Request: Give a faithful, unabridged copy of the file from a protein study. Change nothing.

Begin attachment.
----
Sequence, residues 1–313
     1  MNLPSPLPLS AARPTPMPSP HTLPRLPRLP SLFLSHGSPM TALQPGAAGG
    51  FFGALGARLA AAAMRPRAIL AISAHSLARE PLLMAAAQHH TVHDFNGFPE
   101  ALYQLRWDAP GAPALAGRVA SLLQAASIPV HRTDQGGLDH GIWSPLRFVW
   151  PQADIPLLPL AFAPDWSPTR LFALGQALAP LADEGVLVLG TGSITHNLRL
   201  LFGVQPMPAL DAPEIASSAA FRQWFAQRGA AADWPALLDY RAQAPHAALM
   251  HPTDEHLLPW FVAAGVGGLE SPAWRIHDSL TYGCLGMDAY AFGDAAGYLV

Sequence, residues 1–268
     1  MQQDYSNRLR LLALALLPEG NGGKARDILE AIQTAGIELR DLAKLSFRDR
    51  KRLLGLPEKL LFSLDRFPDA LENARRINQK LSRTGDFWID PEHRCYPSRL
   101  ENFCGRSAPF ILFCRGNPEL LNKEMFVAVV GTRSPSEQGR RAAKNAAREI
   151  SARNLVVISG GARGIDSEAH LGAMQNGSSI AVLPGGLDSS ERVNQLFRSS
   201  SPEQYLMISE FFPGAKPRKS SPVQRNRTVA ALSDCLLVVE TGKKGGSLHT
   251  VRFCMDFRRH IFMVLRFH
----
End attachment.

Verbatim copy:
Sequence, residues 1–313
     1  MNLPSPLPLS AARPTPMPSP HTLPRLPRLP SLFLSHGSPM TALQPGAAGG
    51  FFGALGARLA AAAMRPRAIL AISAHSLARE PLLMAAAQHH TVHDFNGFPE
   101  ALYQLRWDAP GAPALAGRVA SLLQAASIPV HRTDQGGLDH GIWSPLRFVW
   151  PQADIPLLPL AFAPDWSPTR LFALGQALAP LADEGVLVLG TGSITHNLRL
   201  LFGVQPMPAL DAPEIASSAA FRQWFAQRGA AADWPALLDY RAQAPHAALM
   251  HPTDEHLLPW FVAAGVGGLE SPAWRIHDSL TYGCLGMDAY AFGDAAGYLV

Sequence, residues 1–268
     1  MQQDYSNRLR LLALALLPEG NGGKARDILE AIQTAGIELR DLAKLSFRDR
    51  KRLLGLPEKL LFSLDRFPDA LENARRINQK LSRTGDFWID PEHRCYPSRL
   101  ENFCGRSAPF ILFCRGNPEL LNKEMFVAVV GTRSPSEQGR RAAKNAAREI
   151  SARNLVVISG GARGIDSEAH LGAMQNGSSI AVLPGGLDSS ERVNQLFRSS
   201  SPEQYLMISE FFPGAKPRKS SPVQRNRTVA ALSDCLLVVE TGKKGGSLHT
   251  VRFCMDFRRH IFMVLRFH